How LaSalle Cars Work

The 1930 LaSalle Series 340 followed industry convention by being longer, heavier and more powerful than previous models.

Cadillac's romantic companion make stemmed from the desire of legendary General Motors president Alfred P. Sloan to offer a car for every pocketbook, the basic philosophy that made GM the giant it is today. In the mid-'20s, Sloan detected a price gap between Buick and Cadillac, and assigned the latter to fill it with a second model line.

The division chose the name LaSalle, honoring another French explorer like Cadillac, and introduced its junior series in 1927 on a wheelbase shorter than that of its senior cars. It was all part of the great period of expansion that brought forth a host of such cars to satisfy a market that looked like it would grow forever.


A big attraction of that first LaSalle was elegant body design by Harley Earl, a talented young West Coast designer reared in the "carriage trade," whom Sloan hired specifically to shape the new line. LaSalle amply fulfilled GM's hopes, and launched Earl on an illustrious 30-year career as the company's dean of design. In its first year, LaSalle accounted for 25 percent of Cadillac sales. By 1929, it was outselling its big sister.

In the Depression-racked '30s, LaSalle provided the sales volume that helped Cadillac survive. Though the division's total yearly production rarely exceeded Packard's, LaSalle's share was often substantial and sometimes critical. In rock-bottom 1933, for example, Cadillac's model-year output slid to 6700 units, but LaSalle accounted for fully half of it. In 1937, when Cadillac built 46,000 cars, 32,000 were LaSalles. Even so, LaSalle sales never really satisfied GM managers, who wanted much more.

The 1930 LaSalles, designated Series 340, followed general industry thinking of the times in being longer, heavier, and more expensive than the 1929 offerings. Wheelbase was now 134 inches as all models were put on the "long" chassis, and the original 125-inch "standard" platform was dropped.

As before, the mainstay sellers carried bodies from the Fisher Brothers concern acquired by GM some years earlier. These comprised two coupes, two four-door sedans, a convertible coupe, and a pair of seven-passenger sedans in the $2500-$3000 range. Up in the $2400-$4000 area were six semicustom styles by Fleetwood, another respected GM-acquired coachbuilder: a roadster, two phaetons, a seven-seat touring, and two five-passenger sedans. By comparison, 1930 Cadillac prices started at $3295 and went to more than $10,800.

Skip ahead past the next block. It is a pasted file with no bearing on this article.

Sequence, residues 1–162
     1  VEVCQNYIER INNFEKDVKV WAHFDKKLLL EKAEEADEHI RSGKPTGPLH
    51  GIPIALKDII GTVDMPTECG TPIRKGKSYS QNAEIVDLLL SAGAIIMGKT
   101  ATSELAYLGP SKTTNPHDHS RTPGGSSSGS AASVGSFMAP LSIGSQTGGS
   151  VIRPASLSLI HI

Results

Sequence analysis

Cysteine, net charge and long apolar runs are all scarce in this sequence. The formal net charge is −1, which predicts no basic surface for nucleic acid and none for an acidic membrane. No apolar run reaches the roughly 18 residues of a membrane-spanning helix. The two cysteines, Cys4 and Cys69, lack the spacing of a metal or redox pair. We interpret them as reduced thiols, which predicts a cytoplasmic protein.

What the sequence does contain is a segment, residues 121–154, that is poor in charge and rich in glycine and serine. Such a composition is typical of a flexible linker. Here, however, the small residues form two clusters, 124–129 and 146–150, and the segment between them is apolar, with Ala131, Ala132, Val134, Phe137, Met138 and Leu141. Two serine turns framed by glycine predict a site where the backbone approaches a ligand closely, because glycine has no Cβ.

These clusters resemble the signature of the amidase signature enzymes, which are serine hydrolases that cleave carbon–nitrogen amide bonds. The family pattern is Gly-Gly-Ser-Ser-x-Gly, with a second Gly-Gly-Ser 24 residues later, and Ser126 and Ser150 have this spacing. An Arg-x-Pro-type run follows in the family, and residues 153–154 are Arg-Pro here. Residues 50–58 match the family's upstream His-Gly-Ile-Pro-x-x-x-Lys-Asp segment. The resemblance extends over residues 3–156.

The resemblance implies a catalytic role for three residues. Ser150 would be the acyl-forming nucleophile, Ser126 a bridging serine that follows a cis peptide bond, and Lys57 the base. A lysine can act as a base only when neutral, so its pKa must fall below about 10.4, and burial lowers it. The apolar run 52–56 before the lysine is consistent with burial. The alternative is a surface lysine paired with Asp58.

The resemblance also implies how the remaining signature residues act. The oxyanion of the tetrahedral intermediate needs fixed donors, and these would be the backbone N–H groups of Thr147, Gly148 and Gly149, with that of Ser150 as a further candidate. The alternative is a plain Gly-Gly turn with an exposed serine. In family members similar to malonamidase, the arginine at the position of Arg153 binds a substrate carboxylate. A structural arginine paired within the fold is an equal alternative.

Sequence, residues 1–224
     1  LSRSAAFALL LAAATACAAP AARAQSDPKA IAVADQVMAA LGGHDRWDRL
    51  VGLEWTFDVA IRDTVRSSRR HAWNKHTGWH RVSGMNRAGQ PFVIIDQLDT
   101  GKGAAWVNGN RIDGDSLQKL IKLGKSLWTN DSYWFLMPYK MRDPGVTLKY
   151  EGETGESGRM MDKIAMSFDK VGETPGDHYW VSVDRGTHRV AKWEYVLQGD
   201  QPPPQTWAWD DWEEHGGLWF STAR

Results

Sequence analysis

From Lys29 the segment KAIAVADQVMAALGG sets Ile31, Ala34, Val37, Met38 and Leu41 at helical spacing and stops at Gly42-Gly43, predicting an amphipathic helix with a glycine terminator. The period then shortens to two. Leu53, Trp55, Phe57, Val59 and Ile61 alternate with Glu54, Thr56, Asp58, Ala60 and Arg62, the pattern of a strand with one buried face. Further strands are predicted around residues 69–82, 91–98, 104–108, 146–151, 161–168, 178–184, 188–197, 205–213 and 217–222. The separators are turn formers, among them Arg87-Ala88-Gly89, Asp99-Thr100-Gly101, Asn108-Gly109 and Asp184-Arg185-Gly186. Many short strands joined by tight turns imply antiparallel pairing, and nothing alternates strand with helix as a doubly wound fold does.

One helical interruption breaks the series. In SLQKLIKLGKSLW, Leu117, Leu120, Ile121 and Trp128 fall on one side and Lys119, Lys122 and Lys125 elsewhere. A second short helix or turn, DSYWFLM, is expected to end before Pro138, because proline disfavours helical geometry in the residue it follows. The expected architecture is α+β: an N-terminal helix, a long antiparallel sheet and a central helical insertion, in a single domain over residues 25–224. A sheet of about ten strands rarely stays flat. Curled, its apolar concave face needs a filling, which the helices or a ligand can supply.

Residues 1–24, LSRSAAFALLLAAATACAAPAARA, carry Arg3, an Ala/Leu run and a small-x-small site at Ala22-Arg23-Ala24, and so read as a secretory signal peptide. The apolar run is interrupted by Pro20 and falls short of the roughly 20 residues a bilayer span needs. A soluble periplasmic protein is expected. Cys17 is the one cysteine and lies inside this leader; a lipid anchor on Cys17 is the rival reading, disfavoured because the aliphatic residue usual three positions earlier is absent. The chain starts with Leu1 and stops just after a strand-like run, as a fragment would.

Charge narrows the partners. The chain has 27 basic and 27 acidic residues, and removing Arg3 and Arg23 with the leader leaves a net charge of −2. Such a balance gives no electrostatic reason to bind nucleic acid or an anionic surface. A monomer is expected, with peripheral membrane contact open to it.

Not surprisingly for a Cadillac product, LaSalle bowed with a V-8, a 303-cubic-inch unit making close to 80 horsepower. This was bored out for 1928 to 328 cid and 86 bhp. To match the increased size and weight of the 1930 models, the V-8 was enlarged once more, this time to 340 cid, good for 90 bhp.

1930s models like this LaSalle Town Sedan helped keep LaSalle -- and by extension Cadillac -- afloat during the tough times of the Depression.

LaSalle styling in 1930 still owed much to Earl's original 1927 concepts: low silhouette, long and sweeping "clamshell" fenders, a tall and round-shouldered radiator inspired by that of the fabled Hispano-Suiza, and two-tone paint, then a novelty. The most obvious change for 1930 was a taller radiator that enhanced an already impressive styling package. The public continued to buy, and LaSalle recorded model-year production of some 15,000. Though that was about 75 percent of Cadillac's volume, it was nonetheless respectable in the aftermath of the Wall Street crash.

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LaSalle Cars of the 1930s

The LaSalle 1934 Coupe had a weaker engine than past models (a straight eight as opposed to V-8) but compensated with slick new styling.

The fast-deepening Depression forced Cadillac to adopt costcutting measures for 1931-33. As a result, the 1931 Series 345A gained the senior line's 95-bhp 353-cid V-8, while that year's Cadillac Eights were put on the LaSalle chassis. Power improved to 115 for 1932-33. Model choices remained broadly the same for '31, then reduced for the 345B- and C-series of 1932-33, when seven-passenger sedans were upgraded to a 136-inch chassis and standard models were demoted to a 130-inch platform.

LaSalle prices were also reduced in 1931-33 -- down to $2200-$2800. Though that was about $500 below Cadillac Eights, the latter evidently looked like better buys, for they matched LaSalle in sales and actually beat the junior line in '31. LaSalle volume was well down anyway, dropping from 10,000 to just under 3400 for '32; the 1933 total was scarcely better.


Seeking to turn things around, Cadillac issued an all-new 1934 Series 350 with a look exclusive to LaSalle. Prices were again slashed, this time to $1000 under the senior Eights. Models were also slashed, leaving just a coupe, four-door sedan, club sedan, and convertible coupe. All rode a trim 119-inch wheelbase shared with Oldsmobile, as were basic bodyshells. Still cutting costs, Cadillac replaced LaSalle's V-8 with a 240.3-cid Olds L-head straight eight, albeit with Cadillac-supplied aluminum pistons and other changes. Still, horse­power withered to 95. But "Knee-Action" independent front suspension was a new talking point, and a first at GM (shared with Olds). Stylewise, the transitional 1933 look gave way to full streamlining, highlighted by a rounded grille and curious portholes on the hood sides.